When the baby is premature experiences of parenthood and getting support via videoconferencing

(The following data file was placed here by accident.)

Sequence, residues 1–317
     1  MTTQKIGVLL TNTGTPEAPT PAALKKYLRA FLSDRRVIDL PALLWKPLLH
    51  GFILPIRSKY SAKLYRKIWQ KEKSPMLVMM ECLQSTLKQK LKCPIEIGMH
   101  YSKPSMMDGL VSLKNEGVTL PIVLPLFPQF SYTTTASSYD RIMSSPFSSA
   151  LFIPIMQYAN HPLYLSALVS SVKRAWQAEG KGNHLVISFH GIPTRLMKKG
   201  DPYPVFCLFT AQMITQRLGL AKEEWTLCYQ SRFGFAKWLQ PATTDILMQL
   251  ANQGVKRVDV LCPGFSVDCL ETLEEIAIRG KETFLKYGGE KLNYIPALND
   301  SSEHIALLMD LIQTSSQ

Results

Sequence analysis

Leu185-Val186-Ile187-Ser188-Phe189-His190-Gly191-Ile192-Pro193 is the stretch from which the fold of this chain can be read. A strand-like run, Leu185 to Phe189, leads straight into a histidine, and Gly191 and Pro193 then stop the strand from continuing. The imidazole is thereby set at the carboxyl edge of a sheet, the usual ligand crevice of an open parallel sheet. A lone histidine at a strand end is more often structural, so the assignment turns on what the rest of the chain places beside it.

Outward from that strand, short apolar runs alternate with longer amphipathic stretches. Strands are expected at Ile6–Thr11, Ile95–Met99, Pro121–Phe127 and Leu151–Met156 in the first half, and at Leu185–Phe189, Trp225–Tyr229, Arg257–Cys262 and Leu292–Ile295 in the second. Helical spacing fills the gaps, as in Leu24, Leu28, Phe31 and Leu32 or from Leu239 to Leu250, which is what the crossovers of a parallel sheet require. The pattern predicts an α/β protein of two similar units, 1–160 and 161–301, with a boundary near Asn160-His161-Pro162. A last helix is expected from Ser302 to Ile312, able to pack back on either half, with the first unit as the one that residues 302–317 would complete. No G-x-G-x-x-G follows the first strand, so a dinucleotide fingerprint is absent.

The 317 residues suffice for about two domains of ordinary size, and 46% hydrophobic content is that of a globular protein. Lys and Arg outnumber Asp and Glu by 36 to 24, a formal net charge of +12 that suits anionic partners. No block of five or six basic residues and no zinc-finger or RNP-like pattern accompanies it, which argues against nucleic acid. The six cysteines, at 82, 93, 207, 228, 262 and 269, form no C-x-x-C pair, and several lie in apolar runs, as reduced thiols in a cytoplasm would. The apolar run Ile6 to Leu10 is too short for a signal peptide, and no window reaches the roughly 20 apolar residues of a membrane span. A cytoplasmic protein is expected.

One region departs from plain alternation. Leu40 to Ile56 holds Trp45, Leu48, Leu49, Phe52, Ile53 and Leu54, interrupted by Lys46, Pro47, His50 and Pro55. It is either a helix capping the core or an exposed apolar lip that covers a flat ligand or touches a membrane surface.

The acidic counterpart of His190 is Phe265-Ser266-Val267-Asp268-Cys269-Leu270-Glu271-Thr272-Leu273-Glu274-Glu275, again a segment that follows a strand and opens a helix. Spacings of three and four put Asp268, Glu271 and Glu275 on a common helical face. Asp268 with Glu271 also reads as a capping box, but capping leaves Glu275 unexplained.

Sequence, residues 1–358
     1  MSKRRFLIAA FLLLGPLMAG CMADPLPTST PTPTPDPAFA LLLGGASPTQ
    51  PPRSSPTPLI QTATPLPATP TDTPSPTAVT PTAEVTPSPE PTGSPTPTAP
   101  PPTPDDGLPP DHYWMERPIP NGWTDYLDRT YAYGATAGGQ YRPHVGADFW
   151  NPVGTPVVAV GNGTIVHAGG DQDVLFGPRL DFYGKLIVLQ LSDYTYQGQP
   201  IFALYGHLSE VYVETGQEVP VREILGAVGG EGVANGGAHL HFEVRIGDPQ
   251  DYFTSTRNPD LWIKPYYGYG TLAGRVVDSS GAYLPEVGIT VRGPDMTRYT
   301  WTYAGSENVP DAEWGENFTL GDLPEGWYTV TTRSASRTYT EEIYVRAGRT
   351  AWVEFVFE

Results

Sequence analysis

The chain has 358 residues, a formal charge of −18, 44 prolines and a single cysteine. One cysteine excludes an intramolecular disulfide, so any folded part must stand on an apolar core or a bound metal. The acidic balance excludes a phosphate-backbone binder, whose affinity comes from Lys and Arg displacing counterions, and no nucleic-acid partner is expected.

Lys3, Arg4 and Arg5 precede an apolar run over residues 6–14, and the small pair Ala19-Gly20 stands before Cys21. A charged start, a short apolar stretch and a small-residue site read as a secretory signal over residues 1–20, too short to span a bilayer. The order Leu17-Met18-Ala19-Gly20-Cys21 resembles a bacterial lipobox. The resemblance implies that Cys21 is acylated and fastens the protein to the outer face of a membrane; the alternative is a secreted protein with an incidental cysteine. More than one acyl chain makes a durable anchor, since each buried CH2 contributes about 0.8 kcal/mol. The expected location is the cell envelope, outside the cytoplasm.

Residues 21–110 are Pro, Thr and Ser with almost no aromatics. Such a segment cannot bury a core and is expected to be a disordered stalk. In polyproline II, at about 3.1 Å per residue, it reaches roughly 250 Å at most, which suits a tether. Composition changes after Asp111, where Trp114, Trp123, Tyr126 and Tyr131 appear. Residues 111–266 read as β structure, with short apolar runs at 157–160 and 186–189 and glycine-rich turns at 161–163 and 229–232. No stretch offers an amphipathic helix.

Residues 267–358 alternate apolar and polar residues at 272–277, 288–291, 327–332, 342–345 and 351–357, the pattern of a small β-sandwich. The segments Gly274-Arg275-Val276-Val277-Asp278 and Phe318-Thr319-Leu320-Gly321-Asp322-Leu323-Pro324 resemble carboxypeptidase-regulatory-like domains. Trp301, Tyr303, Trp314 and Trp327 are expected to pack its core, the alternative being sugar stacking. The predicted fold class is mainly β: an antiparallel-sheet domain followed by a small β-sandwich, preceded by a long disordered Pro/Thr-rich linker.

Abstract: The overall aim of this doctoral thesis was to describe parents' experiences of having an infant born prematurely and experiences on the use of real-time videoconferencing in providing support to parents of preterm born infants at home. A descriptive qualitative method was chosen to achieve the overall goal of this thesis. Qualitative research interviews were used for data collection and qualitative content analysis was used for data analysis. All studies included in this thesis were conducted in collaboration with a neonatal intensive care unit (NICU) in the northern part of Sweden. This thesis describes parents' reaction to the preterm birth as unexpected; they were not ready or prepared for it. The initial time after the birth felt surreal and it was hard to feel like a mother or a father. Parenting was experienced with anxiety as well as with a lot of stressors. Parents were unacquainted with and had a great need for knowledge about preterm birth. The lack of knowledge was straining, as parents wanted tounderstand what was happening. Parents were worried about the infant getting ill, injured, and being affected for life, or not even surviving. Being close to their infant was vital. Fathers also wanted to be with their partner as they were protective over both mother and infant. The preterm birth made it possible for fathers to spend time with their infant and they thought that they had a stronger bond with their baby compared with those who had full-term children. Taking their infant home was experienced with mixed feelings, but this made it possible for the whole family to be together. The experience with most staff was regarded as positive as parents felt they were well treated. The opposite was also described - not being involved in the infant's care and in making decisions to the extent that they wanted. To be able to cope and feel confidence about caring for their infants, parents needed support, both at the NICU and after going home. Parents must be given the opportunity to share their experiences ofhaving an infant born prematurely with others, especially the partner, nursing staff, and parents with children born prematurely. Having access to staff at all hours by videoconferencing was supportive and gave parents confidence in their new situation. However, the need to control the use of videoconferencing was expressed. The videoconference meetings were comparable with the meetings parents and certified pediatric nurses (CPNs) had at the NICU. Videoconferencing enabled CPNs to meet the whole family and to assess the overall situation at home; security could be provided to the family. The use of the equipment made them reflect on continuing and developing the use of videoconferencing, but it takes time to implement changes. Videoconferencing can be a way to offer support to families after bringing their preterm infant home. This implies a change in traditional nursing care in order to avail of perceived benefits using technology. The results in this thesis have implications for nursing staff meeting families with a child born prematurely as well as for parents with prematurely born infants. Understanding the specific needs of parents is of outmost importance for nursing staff to enable them to provide support and facilitate parenting. Meeting parents with openness and listening to their experiences can help them both as individuals and as a whole family.
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